What's a Kanreki?
A Kanreki Card
LeRoy's is the first
Kanreki that we've ever observed. We had a vague idea that
it was a significant birthday for Hawai`i's Asian ethnicities.
Since, we have learned
that it is basically a good old-fashioned Asian birthday party. A kanreki is the
celebration of a person's 60th birthday and is traditionally
hosted by the honoree's family.
A bit of research
uncovered the following:
makes the 60th birthday so special?
the honoree has been around the Chinese zodiac with its
12 animal years 5 times, i.e., 12 x 5 = 60.
does that mean?
A: Fortunately, some years
ago, a friend gifted us with a handy dandy book, FAMILY
TRADITIONS IN HAWAII by Joan Clarke. This comes straight from
"In the lunar
calendar, the passage of each of the five elements -- wood, fire,
earth, metal and water -- with each of twelve animal years makes
up a sixty year or sexagenary cycle.
birthday (sixtieth on a Western calendar) marks the beginning of
an individual's second childhood.
It is an important event
for many Chinese, Japanese, Okinawan and Korean families in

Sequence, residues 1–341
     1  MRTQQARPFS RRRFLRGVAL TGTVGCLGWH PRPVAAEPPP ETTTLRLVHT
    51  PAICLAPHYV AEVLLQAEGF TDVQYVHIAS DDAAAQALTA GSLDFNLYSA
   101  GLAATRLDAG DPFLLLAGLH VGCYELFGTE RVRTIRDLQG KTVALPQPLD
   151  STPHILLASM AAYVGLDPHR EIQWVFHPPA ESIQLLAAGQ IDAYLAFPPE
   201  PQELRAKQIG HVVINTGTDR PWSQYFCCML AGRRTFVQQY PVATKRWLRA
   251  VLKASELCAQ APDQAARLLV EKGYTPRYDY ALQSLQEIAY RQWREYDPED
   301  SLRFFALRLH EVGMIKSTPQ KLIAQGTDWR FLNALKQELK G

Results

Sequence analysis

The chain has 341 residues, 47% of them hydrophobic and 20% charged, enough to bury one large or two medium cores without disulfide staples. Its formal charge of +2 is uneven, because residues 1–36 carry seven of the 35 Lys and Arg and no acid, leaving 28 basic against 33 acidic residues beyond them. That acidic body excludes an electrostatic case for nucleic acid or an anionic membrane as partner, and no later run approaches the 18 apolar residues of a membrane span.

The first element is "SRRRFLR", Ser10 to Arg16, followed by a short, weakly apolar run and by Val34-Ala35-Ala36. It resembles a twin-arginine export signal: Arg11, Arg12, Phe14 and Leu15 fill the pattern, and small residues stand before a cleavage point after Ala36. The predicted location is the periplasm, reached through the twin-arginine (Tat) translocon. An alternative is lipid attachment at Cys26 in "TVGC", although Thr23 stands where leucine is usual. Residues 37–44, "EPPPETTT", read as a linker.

Hawai`i, often commemorated with a large party or family
Q: What does the
word kanreki mean?
A: Ms. Clarke goes on to
tell us the meaning of kan-reki:
"Kan" means cycle +
"Reki" means calendar
[pronounced: kahn reh kee]
Q: What are
the kanreki traditions?
celebrate this special occasion,
the 60-year-old person wears red clothes. The traditional garb
includes a red bouffant hat (e-boshi) and a red sleeveless
Q: Why red?
means baby or literally, "red one" in Japanese. Aka means red.
The 60-year-old person is once again a baby who is embarking on the next 60-year cycle.
It is a rebirth. Donning red then
symbolizes that return to babyhood.
Q: Is this kanreki
not! It can be for a birthday boy or a birthday
girl. Here's a birthday
girl in Japan celebrating her 60th.
Q: Why is
it referred to as a year of reflection?
A: 60-year olds
are expected to use this year as a year of reflection. They are to
look at their lives and achievements and use
this time as a good opportunity to plan the direction in which they would like to move
as they begin their second sixty year cycle of life.
there other coming-of-age celebrations?
A: Yes, the
Japanese have many good excuses to party.
Beyond the Kanreki, they
celebrate the Koki (70 years old), Kiju (77 years old),
(88 years old), Sotsuju (90 years old), Kajimaya
(97 years old), Hakuju (99 years old), and Hyakusai No Ga (100 years
And of course there's yakudoshi,
a kind of exorcism to pass an unlucky year safely. google.com
has tons of information on this milestone.
Q: Where can I
learn more about this Kanreki celebration?
A: Here are
some sites for those inclined to learn more: